Numbness or tingling sensation after sitting for a while,  

Frequent muscle cramps,

Poor appetite or lethargy…

Sounds familiar?

Have you ever given it a thought that the constant struggle to keep your manicured nails long could possibly be a sign that your body is screaming for more calcium?

Calcium deficiency can happen at any age but is predominantly seen as the age progresses. Hence, it is imperative to ensure proper calcium intake at all ages. Women between the age group 19-50 need 1000 mg of calcium per day while age of 50 and above need 1200 mg1 of calcium per day. Calcium requirement may vary depending on hormonal conditions, pregnancy and for athletes.

99% of calcium is found in our teeth and bones and 1% in our blood hence it is needless to say, calcium plays a key role in the process of bone and teeth formation. Apart from that it is also essential for neuromuscular, hormonal and various other metabolic activities.

Causes of Calcium Deficiency

Past couple of decades has seen a rising risk to women’s health due to calcium deficiency. As our busy lifestyle has paved way to processed and packaged food, our intake of healthy food rich in essential minerals, especially calcium has diminished exponentially.

Listed below are few factors which contribute to calcium deficiency in women.

  • Postmenopausal hormonal changes. As women move towards postmenopausal stage, there is a reduction in estrogen, the female hormone in their body which is very essential for calcium metabolism. This decrease in estrogen causes decrease in calcium which in turn affects the bones.
  • Poor calcium intake. A poor calcium intake from childhood leads to calcium deficiency as you age.
  • Calcium is linked to other essential minerals like magnesium, phosphorus, and vitamin D. Any change in levels of any of these essential minerals can lead you to calcium deficiency.
  • If you have dietary intolerance, again you might be at risk for calcium deficiency.
  • Malabsorption. Proper absorption of calcium is essential for your body functioning. There are certain factors which affect the proper absorption of calcium such as eating fatty or sugar rich food, decrease in vitamin D, magnesium or phosphorus in our body, or certain mediations like corticosteroids or diuretics, which hinder in calcium absorption.
  • Certain conditions like hyperparathyroidism, cancer, kidney failure can also cause calcium deficiency.

How to Recognize Calcium Deficiency

As stated earlier, if you are suffering from few or all of the symptoms mentioned below, it’s a definate sign of calcium deficiency.

  • Muscle cramps
  • Dry brittle nails
  • Fainting
  • Decreased appetite
  • Depression
  • Delayed puberty
  • Tooth decay
  • Frequent fractures or breaking of bones

How to Prevent Calcium Deficiency

Upping your calcium intake is the best way to keep calcium deficiency at bay. You diet should be providing you your daily calcium needs which can be augmented by low dose calcium supplements. Taking high dose supplements can result in other complications such as kidney stones or heart disease and should not be attempted without medical supervision. Milk and other dairy products are a rich source of calcium. Make them a major part of your daily diet. Include vegetables like beans, spinach, avocado, broccoli, kale in your diet which is a rich source of calcium. If you are a non-vegetarian, it is a good idea to include fish like sardines or salmon in your diet.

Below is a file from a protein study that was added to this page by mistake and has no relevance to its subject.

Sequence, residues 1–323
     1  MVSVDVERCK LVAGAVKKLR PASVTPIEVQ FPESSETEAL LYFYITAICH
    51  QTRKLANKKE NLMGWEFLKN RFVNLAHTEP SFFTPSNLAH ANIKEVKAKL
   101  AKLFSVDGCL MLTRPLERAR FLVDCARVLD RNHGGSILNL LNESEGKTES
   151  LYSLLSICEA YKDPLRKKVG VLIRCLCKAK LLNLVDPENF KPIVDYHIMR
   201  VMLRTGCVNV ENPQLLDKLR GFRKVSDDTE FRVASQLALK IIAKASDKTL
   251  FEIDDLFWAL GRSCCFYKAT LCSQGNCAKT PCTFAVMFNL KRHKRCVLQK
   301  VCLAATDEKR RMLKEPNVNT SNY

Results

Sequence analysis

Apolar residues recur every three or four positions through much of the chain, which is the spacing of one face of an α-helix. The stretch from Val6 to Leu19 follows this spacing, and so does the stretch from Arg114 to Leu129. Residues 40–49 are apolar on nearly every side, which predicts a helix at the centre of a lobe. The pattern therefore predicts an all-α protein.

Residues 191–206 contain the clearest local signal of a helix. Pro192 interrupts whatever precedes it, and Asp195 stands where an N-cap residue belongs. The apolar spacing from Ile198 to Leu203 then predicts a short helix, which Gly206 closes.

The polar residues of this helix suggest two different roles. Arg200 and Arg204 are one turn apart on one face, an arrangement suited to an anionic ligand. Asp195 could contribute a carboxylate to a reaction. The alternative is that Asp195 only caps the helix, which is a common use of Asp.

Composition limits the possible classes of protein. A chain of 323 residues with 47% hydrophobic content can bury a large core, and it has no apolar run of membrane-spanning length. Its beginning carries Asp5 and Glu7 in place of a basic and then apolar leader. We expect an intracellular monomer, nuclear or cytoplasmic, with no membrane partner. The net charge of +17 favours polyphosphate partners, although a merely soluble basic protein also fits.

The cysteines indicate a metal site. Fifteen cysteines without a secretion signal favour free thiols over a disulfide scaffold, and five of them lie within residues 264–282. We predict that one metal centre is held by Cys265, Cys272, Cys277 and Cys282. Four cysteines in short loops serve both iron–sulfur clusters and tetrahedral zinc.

As discussed earlier, minerals like magnesium, phosphorus and vitamin D are also essential for the metabolism of calcium, hence ensure your diet is enriched with these minerals too. Milk, eggs, cheese, butter, cream, shrimps and oysters are good food sources for vitamin D. Basking in the sun for at least 15 minutes a day takes care of your quota of vitamin D. Lentils, poultry products, fish and diary also take care of your phosphorus levels.

Calcium deficiency can be diagnosed by measuring the amount of calcium in your blood. Once you start noticing symptoms of calcium deficiency, you would do well to contact your physician who with a couple of blood tests will measure the calcium level in your body. Additional lab tests such as  magnesium, phosphorus, parathyroid hormone and vitamin D levels further helps in determining the cause of calcium deficiency. Once the cause is established, it is just a matter of lifestyle change and supplements which will set you on the right track.

Owing to busy schedules and lack of time, one often overlooks these symptoms until they worsen. But with the help of a trusted home healthcare service provider, you can have a consultation right at your doorstep. And that’s not all; you can also have all recommended tests at the comfort of your home at your convenient time. So, this Women’s Day give yourself a gift of good health. Book an Advanced Healthy Bone Package Today

Reference                                  

1: https://www.bones.nih.gov/health-info/bone/bone-health/nutrition/calcium-and-vitamin-d-important-every-age